Twenty years doing anything these days is an achievement. Twenty years making music and sharing the same space with the same three guys you hooked up with in your early twenties could be regarded as a life sentence, and still nobody got murdered. Despite the incumbent years, Canadian power-pop quartet Sloan are the same rakish, loveable band they were at the beginning. The same names, the same faces, the same identifiable hook-laden beat-group sound, that after two decades and ten albums, show no sign of slowing down.
While Webcuts awaits its handmade vinyl copy of the album to arrive (oh, to actually review an album on vinyl….), we’ll just jump right in anyway. It’s amazing to consider the amount of bands who’ve overcome a mid-career slump, seemingly bouncing back having gotten adult concepts like marriage and kids and diminished dreams of worldwide success to continue on rocking with a renewed respect for their art. The last three Sloan albums, The Double Cross included, represent the pinnacle of the latter half of their career. The reinvention arrived with the sprawling Never Hear The End Of It, a double album 30-song treat that on the outside seemed gratuitous and unnecessary, until it revealed itself as a finely crafted record in line with all the other great double albums of any era.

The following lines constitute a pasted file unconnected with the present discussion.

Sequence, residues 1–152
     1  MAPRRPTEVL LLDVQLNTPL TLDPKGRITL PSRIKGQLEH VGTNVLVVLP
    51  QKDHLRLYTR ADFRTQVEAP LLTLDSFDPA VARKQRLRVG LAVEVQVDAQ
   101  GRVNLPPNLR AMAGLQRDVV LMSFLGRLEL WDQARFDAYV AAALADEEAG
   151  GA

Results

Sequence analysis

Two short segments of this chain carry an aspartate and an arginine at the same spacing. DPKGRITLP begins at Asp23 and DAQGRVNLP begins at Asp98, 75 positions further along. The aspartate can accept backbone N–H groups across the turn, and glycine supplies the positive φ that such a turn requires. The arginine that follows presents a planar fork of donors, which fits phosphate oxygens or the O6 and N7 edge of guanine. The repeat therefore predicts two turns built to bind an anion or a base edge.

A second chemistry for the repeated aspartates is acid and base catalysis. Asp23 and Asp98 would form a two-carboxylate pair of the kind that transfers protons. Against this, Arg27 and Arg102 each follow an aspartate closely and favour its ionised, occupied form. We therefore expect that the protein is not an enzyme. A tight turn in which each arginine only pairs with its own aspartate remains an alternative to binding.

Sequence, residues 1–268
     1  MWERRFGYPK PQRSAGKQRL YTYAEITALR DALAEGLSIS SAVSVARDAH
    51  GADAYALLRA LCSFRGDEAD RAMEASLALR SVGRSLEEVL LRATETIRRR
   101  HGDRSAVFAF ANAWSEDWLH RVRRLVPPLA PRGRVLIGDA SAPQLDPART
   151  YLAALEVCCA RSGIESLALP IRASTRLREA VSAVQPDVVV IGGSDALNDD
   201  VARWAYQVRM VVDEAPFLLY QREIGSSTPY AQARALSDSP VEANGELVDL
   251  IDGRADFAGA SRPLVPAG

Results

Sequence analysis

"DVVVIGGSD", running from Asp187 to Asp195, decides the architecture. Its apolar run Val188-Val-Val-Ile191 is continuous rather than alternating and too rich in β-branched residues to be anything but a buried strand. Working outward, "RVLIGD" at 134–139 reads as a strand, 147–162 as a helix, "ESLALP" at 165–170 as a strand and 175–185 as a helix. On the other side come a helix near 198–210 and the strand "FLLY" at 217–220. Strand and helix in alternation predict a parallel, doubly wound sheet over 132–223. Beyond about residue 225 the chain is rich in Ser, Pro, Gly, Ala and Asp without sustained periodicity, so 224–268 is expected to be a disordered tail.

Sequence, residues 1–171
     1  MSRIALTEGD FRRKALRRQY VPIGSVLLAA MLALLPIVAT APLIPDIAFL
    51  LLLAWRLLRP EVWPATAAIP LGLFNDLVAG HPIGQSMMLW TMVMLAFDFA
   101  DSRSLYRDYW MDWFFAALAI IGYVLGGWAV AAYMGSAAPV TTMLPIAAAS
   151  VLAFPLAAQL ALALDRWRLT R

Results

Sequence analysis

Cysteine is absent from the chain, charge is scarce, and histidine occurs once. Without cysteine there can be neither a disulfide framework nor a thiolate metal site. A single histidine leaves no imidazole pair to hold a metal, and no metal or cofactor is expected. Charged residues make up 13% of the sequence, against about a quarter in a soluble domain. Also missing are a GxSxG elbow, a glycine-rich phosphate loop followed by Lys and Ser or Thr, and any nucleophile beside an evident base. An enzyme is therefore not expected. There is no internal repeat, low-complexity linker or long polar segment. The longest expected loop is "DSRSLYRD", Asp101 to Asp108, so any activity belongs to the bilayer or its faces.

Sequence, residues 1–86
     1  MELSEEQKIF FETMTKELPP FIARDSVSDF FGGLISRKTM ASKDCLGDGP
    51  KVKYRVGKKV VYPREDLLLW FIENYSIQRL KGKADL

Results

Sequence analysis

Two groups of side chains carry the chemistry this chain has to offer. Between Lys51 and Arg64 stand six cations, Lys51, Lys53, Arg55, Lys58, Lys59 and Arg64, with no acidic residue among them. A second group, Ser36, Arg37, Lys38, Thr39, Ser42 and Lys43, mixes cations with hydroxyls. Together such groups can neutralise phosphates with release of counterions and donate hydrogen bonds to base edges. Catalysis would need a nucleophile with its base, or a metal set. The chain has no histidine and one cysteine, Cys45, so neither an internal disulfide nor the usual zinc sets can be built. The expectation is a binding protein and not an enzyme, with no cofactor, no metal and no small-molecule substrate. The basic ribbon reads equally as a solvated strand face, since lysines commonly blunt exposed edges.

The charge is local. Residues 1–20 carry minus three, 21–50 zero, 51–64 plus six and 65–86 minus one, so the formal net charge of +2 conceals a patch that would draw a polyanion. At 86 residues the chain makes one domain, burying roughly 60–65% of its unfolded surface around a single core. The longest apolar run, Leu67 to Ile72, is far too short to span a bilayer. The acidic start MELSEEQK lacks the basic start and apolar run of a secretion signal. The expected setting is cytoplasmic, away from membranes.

While no stylistic diversion from 2008’s Parallel Play (you’d maybe expect the band to indulge in a little past revisionism, a riff copped from Twice Removed, a vocal hook lifted from One Chord To Another), The Double Cross is Sloan sticking to their time honoured quality-driven modus operandi. Each songwriter contributes and sings their share, with nobody wanting to be seen as letting the side down. Accordingly, the first handful of tracks on The Double Cross are the band’s strongest openers since 1998’s Navy Blues. Patrick Pentland’s Stones-y stomp “Unkind”, Jay Ferguson’s “The Answer Is You” and Chris Murphy’s “Shadow Of Love” all indulge in a friendly game of there-are-no-losers one-upmanship.
There’s enough diversity, with bursts of Sloan-patented disco (“Beverly Terrace”), Dylan-esque R&B (“Traces”) and straight up punk-pop (“I’ve Gotta Know”) in the album’s 12 tracks for it not to seem like one stacked attention-getter after another. The best albums are always the ones that sound as if they were made with the least amount of struggle, that don’t suffer from trying too hard to please, and simply show an act excelling in just being themselves. The Double Cross is no band on the back foot blowing out the candles and easing into retirement, it’s Sloan at their most inconspicuous, sneaker on the foldback finest. Hallelujah.